Determining a Winner – In the event of a tie, the Open Division winner should be determined by a playoff. In the event of ties in all other divisions, a scorecard playoff is recommended to determine winners. There are several methods for conducting a scorecard playoff. Regardless of the method chosen, the process should be communicated prior to the start of play.
Entry Form – A generic sample entry form will be provided by the SoHG upon request.
Handicaps – Should be determined by the score posting process provided on the SoHG web site. It is recommended that, absent an SoHG handicap, the participant’s regular (steel) handicap be used without adjustment. Alternative handicap formulas have historically achieved limited success.
SoHG Liasons – can be appointed for each tournament to assist with the tournament set up and to provide assistance with the website handicaps. Please contact Hamp Munsey at 336-288-3987 or firstname.lastname@example.org for additional information.
Length – Golf courses will often dictate the length most appropriate for your competition, as 6,000 yards at sea level is very different than 6,000 yards in altitude. Likewise, 6,000 yards in Scotland is not the same as 6,000 in Vermont. If the course plays soft or hard and fast, this can have a huge impact, as does the amount of rough. Course set-up is always very important and should be looked at very closely by the tournament director and or committee. Here are some general guidelines regarding length.
- Open & Net Division ~ 5800 - 6500 yards
- Senior Division ~ 5400 - 6000 yards
- Ladies Division ~ 5000 - 5500 yards
- Scramble Division ~ 5000 - 6000 yards
Pin Placements should be reasonable. They do not have to be “Sunday at the U.S. Open tough.” Overly difficult pin placements, much like extremely long golf courses, are often met with resentment. Research has shown the difficulty of this year’s pin placements are directly related to your field-size next year.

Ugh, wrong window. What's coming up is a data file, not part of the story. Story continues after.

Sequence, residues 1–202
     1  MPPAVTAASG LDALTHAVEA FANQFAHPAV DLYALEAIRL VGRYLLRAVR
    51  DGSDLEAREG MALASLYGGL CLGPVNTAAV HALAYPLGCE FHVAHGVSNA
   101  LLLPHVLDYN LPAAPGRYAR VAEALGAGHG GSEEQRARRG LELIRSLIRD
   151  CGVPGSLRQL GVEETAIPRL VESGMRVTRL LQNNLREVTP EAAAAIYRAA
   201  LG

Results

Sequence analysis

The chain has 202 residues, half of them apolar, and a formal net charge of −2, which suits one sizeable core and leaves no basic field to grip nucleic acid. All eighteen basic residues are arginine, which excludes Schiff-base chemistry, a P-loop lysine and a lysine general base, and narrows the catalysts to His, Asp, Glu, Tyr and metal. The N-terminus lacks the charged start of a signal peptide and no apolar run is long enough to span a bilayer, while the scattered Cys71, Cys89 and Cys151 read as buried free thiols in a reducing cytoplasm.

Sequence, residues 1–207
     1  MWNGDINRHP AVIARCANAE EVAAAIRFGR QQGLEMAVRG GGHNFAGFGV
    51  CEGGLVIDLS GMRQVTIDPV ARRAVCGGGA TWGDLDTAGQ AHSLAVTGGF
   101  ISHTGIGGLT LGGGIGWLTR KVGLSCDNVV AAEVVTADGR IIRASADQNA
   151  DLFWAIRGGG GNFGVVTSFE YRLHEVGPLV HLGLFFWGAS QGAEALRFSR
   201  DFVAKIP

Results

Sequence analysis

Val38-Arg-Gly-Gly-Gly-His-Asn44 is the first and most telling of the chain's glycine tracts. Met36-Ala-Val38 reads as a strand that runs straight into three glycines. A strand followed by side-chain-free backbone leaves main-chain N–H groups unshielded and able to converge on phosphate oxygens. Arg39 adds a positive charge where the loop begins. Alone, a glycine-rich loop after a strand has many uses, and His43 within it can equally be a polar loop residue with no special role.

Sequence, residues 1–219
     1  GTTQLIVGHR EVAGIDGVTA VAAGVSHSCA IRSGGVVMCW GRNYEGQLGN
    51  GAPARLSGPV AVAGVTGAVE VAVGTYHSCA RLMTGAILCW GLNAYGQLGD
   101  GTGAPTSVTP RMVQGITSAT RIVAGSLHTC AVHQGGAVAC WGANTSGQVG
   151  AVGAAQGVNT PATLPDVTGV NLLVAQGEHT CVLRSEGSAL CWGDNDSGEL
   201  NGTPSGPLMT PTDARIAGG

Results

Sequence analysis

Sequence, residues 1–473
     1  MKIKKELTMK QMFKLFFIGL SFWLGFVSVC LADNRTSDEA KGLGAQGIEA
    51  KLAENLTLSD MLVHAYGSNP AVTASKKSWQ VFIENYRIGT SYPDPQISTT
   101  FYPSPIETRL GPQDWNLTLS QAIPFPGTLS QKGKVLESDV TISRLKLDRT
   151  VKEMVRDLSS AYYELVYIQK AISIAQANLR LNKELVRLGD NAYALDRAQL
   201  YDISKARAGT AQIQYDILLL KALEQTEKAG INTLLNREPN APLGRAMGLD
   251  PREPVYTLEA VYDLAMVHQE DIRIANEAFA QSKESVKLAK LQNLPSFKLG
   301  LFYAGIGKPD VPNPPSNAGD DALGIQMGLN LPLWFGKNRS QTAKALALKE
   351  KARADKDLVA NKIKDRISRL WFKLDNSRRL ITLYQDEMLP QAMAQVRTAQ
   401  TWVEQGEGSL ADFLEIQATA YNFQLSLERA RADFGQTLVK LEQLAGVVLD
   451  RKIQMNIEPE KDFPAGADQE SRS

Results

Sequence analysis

Ability to Walk – There should be clear communication whether or not walking will be permitted at your event. This should be provided in the entry packet. Conversely, if a tournament site has a walking only policy, it would be prudent to communicate this as well. The SoHG encourages walking and prefers for this to be at least an option at all events.
Practice Facilities – If the tournament site has a practice facility, it should be made available for all competitors with balls included in fee if possible.
On-Course Refreshments can be included in the entry fee or for cash purchase, but need to be available.
Restricted Areas of the grounds/club house that are off limits to players and visitors need to be clearly identified and communicated.
Before-Golf Refreshments such as coffee, water, and soft drinks, and whether they are included in the entry fee or extra, should be communicated and should be available to all participants as they arrive at the tournament site.
After-Golf Refreshments such as beer, wine, and soft drinks, whether included in the entry or not, need to be available upon completion of play.